Imani Perry is having a moment in the limelight, and we hope she’s relishing every minute of it. When she first came to our offices to talk about her biography on Lorraine Hansberry, Looking for Lorraine, we knew it was going to be special. Fast forward to this year’s PEN/America Awards, and we delighted in seeing just how special her book is. She won the PEN America/Jacqueline Bograd Weld Award for biography!
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A Q&A with Susan Katz Miller | Since the publication of “Being Both,” I have been traveling the country, speaking about interfaith families in churches and synagogues, universities and national conferences. And a steady stream of interfaith couples and families, from all over the world, started to contact me to ask for support. Often, they come to me because they do not have supportive clergy, or they cannot find counselors who have experience in interfaith issues. And they appreciate my perspective as both an adult interfaith child, and the parent of adult interfaith children. At some point I realized that I cannot coach everyone individually, but with the Journal, I can support families everywhere. And at exactly that moment, Skinner House actually came to me, looking for an author to write a book like this, because there is no other workbook for interfaith families out there.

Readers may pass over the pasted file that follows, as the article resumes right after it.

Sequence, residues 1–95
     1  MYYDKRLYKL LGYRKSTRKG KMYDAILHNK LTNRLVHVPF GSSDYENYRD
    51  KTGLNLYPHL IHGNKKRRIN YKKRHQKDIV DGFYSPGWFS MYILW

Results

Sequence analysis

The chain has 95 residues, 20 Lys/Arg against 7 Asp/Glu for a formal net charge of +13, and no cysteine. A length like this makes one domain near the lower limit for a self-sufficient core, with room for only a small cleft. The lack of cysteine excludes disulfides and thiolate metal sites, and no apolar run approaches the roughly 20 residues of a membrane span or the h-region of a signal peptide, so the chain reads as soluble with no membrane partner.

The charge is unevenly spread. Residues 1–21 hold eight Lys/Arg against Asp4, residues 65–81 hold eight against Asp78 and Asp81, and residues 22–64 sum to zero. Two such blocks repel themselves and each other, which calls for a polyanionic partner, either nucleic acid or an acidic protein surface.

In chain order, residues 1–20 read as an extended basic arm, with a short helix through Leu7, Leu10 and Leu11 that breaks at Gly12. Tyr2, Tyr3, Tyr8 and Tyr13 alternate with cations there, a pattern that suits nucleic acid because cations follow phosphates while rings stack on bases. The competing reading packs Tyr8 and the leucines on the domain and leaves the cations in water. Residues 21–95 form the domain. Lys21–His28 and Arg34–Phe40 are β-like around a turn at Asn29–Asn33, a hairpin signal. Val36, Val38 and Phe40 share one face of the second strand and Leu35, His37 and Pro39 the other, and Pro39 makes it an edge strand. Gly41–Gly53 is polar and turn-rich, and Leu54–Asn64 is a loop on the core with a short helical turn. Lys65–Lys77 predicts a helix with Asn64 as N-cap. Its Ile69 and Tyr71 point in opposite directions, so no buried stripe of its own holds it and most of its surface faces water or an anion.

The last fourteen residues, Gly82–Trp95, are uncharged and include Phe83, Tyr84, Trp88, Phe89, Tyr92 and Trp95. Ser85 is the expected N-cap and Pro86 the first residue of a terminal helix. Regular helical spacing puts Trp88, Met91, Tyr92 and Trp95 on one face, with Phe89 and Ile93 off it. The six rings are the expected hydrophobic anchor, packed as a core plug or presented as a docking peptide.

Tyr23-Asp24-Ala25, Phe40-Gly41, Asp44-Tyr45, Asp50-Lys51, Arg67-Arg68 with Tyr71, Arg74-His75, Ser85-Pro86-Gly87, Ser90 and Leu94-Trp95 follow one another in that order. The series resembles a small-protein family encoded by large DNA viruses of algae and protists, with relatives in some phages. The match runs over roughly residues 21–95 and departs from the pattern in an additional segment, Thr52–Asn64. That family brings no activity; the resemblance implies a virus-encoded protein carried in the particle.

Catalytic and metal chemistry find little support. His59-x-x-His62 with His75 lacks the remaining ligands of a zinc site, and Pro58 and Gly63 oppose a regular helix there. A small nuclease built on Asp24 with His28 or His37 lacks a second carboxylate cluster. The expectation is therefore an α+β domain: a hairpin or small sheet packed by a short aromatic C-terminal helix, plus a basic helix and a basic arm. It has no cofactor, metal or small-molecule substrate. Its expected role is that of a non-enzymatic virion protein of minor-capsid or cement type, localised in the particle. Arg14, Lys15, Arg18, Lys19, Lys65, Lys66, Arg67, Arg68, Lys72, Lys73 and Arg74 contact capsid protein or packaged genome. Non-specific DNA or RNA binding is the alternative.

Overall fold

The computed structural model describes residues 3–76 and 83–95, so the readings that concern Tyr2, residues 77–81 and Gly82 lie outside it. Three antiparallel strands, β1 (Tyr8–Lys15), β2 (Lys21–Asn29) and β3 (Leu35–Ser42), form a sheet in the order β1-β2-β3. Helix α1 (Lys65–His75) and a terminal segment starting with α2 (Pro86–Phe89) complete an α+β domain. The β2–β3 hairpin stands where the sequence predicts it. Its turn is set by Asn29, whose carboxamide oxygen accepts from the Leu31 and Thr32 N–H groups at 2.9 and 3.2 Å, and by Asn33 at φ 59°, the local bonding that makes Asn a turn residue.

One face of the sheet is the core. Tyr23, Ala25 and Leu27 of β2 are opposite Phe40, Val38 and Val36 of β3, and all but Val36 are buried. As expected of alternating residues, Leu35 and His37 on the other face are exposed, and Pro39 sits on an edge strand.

By Lynn K. Hall | Last week, Senator Martha McSally made headlines by publicly speaking out about having been raped while she served in the Air Force. Her testimony during the Senate Armed Services Subcommittee hearing on military sexual assault shocked many. In 1991, McSally became the first American woman to fly in combat, and later the first woman to command an Air Force fighter squadron.“I blamed myself. I was ashamed and confused. I thought I was strong but felt powerless,” McSally said during the hearing.
By Imani Perry | Lorraine was frustrated by some critical evaluations of the play, even as she understood them. She was particularly frustrated that Walter Lee’s “ends” were read without complication. They were deliberate and clearly shaped by Irish playwright Sean O’Casey, the WPA Negro in Illinois project’s publication Black Metropolis, and Thorstein Veblen’s Theory of the Leisure Class, which she considered an essential companion to the writings of Karl Marx. Walter Lee’s yearnings were a manifestation of Veblen’s theory of desire in a capitalist society, one that cut across class and caste. Her mastery of full characters, her sensitivity to speech and personality so that the characters never read as types, made the politics invisible to so many. But Lorraine intended to correct that.
It was a really long process for me! I was an English major in college. I loved reading and doing research, but I didn’t like sitting down and writing so I didn't consider a career in publishing. I went on to work in documentary production, but I found it too hard to make a living as a freelancer. I seriously considered becoming a librarian, but I realized that I wanted to be involved in some way with making books. So, I enrolled in the publishing certificate program at Emerson.